A lot of criticism has been made over my deposition in England in the case relating to extradition proceedings of Nirav Modi, and the British judge’s comments about me. The judge was, of course, entitled to his opinion. But let me set the record straight.
I did not say before the British judge anything on the merits of the case as to whether Nirav Modi was a criminal or not. That is to be decided in a trial. What I said is that he cannot expect a fair trial in India. And I said that because the Indian judiciary has largely surrendered before the Government and is no longer independent and impartial as it is expected to be. See in this connection my articles such as this and this, as well as statements of other retired Indian judges. The appointment of Ranjan Gogoi to the Rajya Sabha soon after retirement is also clear proof of that.
Recently, at a function, a sitting judge of the Supreme Court Justice MR Shah and the Chief Justice of Gujarat High Court Justice Vikram Nath praised Prime Minister Modi sky-high. Is this not shameless kowtowing before the executive?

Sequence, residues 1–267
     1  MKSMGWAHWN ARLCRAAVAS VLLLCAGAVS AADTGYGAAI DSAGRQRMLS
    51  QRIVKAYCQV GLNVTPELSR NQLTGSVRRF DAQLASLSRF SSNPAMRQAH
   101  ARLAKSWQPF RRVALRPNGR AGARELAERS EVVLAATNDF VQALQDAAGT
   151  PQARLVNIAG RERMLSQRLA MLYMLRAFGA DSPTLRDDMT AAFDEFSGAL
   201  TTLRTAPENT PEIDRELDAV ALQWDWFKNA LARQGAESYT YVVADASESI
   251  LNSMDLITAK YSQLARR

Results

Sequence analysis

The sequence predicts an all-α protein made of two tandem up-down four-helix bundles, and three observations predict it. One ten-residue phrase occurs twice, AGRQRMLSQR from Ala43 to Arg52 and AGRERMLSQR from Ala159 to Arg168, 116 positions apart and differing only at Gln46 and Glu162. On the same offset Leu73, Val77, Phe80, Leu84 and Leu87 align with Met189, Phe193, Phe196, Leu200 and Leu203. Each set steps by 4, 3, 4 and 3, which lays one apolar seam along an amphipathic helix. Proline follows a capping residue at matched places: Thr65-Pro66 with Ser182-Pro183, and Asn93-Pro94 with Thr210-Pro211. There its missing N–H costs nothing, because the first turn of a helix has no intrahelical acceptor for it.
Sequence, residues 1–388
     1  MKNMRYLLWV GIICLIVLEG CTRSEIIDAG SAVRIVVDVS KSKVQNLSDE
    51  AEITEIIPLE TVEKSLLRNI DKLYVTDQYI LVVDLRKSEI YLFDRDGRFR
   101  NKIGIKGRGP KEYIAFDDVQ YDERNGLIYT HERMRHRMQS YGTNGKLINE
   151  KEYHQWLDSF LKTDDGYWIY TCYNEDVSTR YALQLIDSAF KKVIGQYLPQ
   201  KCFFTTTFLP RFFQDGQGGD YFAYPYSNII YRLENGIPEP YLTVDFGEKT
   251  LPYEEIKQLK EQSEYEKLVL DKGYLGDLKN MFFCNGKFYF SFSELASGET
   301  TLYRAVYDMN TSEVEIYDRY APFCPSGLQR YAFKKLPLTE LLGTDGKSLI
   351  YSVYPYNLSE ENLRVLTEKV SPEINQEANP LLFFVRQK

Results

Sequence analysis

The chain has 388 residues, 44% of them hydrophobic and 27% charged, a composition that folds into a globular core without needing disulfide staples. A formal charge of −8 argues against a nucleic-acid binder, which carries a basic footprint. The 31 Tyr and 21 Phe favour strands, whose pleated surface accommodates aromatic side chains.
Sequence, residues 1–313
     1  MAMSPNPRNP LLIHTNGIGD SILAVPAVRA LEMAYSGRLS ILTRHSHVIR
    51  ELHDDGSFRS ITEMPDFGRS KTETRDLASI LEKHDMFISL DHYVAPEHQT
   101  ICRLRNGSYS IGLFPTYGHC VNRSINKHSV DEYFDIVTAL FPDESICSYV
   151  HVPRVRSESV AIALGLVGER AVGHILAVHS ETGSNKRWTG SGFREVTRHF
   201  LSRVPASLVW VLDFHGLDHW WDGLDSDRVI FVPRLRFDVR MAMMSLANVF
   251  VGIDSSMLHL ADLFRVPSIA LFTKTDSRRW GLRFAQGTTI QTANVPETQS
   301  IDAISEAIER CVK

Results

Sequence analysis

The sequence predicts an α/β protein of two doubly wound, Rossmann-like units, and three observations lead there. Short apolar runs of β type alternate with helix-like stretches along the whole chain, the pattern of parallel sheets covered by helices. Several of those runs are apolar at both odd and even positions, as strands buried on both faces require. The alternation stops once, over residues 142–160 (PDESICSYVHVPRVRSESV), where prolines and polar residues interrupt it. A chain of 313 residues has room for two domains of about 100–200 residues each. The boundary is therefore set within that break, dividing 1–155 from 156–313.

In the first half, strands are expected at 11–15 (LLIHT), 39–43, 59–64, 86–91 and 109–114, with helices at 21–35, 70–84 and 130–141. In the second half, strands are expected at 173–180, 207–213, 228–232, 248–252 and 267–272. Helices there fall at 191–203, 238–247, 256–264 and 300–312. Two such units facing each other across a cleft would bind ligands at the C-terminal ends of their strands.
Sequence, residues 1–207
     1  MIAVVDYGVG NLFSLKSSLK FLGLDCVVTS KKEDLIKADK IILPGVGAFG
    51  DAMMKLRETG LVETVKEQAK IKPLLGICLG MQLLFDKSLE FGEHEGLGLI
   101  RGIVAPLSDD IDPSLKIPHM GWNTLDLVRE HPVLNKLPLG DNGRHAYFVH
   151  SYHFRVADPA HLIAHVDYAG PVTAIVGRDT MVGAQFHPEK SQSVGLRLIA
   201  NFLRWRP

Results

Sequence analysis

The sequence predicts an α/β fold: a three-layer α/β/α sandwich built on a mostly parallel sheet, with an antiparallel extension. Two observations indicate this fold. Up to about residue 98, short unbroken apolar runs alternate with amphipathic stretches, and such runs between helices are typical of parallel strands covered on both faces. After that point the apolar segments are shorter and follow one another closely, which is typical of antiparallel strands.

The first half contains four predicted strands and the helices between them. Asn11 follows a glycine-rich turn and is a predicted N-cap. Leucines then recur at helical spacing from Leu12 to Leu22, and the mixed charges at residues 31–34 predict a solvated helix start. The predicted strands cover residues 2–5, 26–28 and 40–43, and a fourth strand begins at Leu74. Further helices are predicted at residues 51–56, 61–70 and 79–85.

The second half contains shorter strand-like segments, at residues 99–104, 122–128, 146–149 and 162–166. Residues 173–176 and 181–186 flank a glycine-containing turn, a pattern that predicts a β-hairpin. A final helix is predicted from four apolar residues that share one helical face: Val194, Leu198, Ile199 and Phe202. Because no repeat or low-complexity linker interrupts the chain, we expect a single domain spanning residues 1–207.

In an interview, the former Chief Justice of Delhi and Madras High Court, Justice AP Shah, said that the judiciary has let the Indian people down and abdicated its duty of defending the fundamental rights of the people. See also this.
The Union Law Minister Ravi Shankar Prasad has said that Nirav Modi is a big criminal (see his statement on YouTube). So Nirav Modi has already been condemned by the government without a trial, and the judiciary, which usually does the bidding of the government, is likely to follow suit.
There is a presumption of innocence until proved guilty, but Nirav Modi has been condemned without a trial.
The British judge has said that I have a personal agenda. This is untrue. I am not, have never been, nor intend to be a member of any political party.
He has also said that I have made statements against several judges. Yes, I spoke against Gogoi and other shameless judges who have kowtowed before the ruling party in India, instead of being independent and impartial, thus violating their oath and conscience.
In his order, the British judge glossed over the extensive material I submitted, and instead made all kinds of uncalled-for and untrue comments.
Markandey Katju is a former judge of the Supreme Court of India. He was also the Chairman of the Press Council of India.